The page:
I won’t pretend I’ve never dreamed of vast multitudes thinking I’m witty and profound, but that’s not why I write. It can’t be. For me, the trick to staying intact is to remember that I am not what other people say I am. I am myself first, cranky and comical by turns, worthy even when no one is looking, when I’m sitting at the table in my bathrobe eating peaches and reading The Economist.

I’m a big nerd, and I like Rush. Insofar as I am standing on a stage, I can only stand here unapologetically as myself.

8 thoughts on “Limelight

      • Honestly, it never in a million years occurred to me that you harbored even a secret desire to be seen as cool, in any of the various senses of the word. Not even parenthetically. To me, you are Heart-On-Sleeve Lass, five-time winner of the Legion’s “Least Likely to be Able to Maintain a Secret Identity.”

  1. Ha. Josh, old man, I am so tempted to deny it. I wrote that in a hurry! It wasn’t what I meant! But it’s often those words that creep in under our guard that are exactly what we meant.

    It’s a little bit nuanced, though. For me, the “cool” I might desire to appear is something I remember from when I was a very slightly famous comic book artist. It was the smallest sort of fame possible, but it was still there. I would sit on one side of the table, and someone would come up on the other side of the table and be in awe of my prodigious drawing and stapling abilities. And maybe I was never actually cool, but for a moment I felt like I was. It was pleasant, but it was also uncomfortable because there was this table between us, like an uncrossable chasm. I want it, and I don’t. I don’t like the chasm; it’s too high a price for cool.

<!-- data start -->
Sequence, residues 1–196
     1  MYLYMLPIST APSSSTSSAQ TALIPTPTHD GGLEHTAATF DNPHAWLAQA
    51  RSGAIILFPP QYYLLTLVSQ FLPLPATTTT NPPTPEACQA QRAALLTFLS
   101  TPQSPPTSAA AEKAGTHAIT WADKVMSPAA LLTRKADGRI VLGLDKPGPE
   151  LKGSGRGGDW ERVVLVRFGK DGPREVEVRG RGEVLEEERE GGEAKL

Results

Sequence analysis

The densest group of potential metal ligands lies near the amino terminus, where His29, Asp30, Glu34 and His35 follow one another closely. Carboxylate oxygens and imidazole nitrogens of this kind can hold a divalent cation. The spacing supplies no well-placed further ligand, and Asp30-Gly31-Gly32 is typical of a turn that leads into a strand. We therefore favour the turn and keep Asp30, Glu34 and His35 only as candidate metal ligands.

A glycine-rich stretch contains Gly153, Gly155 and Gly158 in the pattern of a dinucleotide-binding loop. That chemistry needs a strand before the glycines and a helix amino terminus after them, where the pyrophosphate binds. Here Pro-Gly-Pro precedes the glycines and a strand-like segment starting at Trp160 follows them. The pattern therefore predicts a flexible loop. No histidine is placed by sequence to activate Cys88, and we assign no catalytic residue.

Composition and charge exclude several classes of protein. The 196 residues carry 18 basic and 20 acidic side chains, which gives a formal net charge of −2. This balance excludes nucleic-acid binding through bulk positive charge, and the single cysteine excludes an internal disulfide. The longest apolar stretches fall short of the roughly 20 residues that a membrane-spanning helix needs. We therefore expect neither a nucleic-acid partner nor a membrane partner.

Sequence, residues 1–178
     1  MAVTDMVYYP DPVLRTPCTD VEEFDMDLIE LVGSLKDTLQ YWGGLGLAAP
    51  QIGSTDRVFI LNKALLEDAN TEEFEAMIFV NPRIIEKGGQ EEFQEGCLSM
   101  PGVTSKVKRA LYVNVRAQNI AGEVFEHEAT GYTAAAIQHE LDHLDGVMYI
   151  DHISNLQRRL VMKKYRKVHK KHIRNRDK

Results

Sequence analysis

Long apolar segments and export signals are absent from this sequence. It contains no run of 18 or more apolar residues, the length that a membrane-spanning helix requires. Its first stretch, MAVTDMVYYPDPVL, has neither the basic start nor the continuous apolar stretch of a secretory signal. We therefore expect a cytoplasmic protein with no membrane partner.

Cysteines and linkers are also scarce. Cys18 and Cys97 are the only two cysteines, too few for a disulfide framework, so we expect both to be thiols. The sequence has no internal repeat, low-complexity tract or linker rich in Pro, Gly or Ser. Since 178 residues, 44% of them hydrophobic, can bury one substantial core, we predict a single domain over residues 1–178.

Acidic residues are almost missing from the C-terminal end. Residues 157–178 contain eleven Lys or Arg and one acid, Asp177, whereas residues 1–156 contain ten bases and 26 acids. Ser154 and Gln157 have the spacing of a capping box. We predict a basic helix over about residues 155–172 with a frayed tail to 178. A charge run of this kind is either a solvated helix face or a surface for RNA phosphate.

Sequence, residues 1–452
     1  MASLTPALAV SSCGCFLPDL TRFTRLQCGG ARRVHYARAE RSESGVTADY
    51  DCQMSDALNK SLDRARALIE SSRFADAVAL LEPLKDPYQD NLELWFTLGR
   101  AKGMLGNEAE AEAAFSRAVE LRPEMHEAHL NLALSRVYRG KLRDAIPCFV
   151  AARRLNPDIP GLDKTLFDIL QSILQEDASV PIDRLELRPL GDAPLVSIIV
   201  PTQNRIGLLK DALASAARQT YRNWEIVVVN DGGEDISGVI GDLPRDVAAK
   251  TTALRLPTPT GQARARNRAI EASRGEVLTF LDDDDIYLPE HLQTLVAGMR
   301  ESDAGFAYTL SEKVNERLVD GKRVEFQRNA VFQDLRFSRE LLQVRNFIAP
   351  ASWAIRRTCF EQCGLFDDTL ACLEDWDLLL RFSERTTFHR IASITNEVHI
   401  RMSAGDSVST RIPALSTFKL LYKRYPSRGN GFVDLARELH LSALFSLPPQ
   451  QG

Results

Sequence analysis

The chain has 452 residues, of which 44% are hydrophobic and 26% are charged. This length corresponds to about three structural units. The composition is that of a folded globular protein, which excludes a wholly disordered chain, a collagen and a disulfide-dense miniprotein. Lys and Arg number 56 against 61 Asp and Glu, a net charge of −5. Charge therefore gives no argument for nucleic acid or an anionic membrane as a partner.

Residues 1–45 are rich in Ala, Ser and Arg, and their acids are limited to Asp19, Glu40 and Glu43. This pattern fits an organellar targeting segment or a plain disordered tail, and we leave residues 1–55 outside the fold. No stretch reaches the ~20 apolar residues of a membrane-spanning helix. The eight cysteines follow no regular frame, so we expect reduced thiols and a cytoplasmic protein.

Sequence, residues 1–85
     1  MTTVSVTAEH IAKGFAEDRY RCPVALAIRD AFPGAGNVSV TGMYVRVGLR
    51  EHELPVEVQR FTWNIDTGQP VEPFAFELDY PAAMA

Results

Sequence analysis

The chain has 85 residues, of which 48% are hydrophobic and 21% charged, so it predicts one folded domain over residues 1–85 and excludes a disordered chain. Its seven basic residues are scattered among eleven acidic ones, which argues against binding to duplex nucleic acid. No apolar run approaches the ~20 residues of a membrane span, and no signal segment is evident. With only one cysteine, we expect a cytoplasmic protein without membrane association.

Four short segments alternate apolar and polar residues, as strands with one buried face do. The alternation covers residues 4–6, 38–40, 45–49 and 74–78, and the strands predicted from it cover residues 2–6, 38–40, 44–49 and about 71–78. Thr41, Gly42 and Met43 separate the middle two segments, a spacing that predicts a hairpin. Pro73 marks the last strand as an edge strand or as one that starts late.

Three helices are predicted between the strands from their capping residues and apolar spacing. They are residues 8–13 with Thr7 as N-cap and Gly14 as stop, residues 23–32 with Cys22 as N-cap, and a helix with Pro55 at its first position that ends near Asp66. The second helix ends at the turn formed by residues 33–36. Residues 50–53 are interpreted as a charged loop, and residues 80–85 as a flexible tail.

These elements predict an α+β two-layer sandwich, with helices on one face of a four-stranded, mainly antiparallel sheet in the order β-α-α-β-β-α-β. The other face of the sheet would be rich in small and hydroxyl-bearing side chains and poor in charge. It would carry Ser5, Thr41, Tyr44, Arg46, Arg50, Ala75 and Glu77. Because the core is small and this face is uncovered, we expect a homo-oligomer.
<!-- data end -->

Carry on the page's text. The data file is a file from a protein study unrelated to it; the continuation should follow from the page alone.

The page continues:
And thank you for “Heart-On-Sleeve Lass”. I’d say you see me pretty clearly, over all. Then again, with my legendary inability to maintain a secret identity, maybe EVERYBODY sees me clearly, and I can stop worrying about it.

  2. Hey, I haven’t really liked Rush since I spent my teenage summers hanging out in Lakeside Park — seemed cool at the time — but local legend had it Neal Peart liked to run down the street wearing a cape.

    I think the trick to balancing the desire to appear cool with your lovely doofusy self lies not in changing yourself, or maintaining some image, but in having people recognize that the nerdy Economist-reading stuff is in fact cool. Subtle difference, and I think we’re probably on the same page on this, but I mean, as much as I wanted to be “cool” (or whatever), I never once said to myself “I wish I wasn’t such a bookworm, I’m going to work really hard at basketball,” more, with a kind of resignation, “I wish more people thought reading was cool.” But that’s the thing we have no control over individually, those are bigger social trends, perhaps better left to anthropologists and marketing experts. Uh, not really sure what my point is.

    You’re awesome, Rachel!

Speak, friend!

Fill in your details below or click an icon to log in: Logo

You are commenting using your account. Log Out /  Change )

Facebook photo

You are commenting using your Facebook account. Log Out /  Change )

Connecting to %s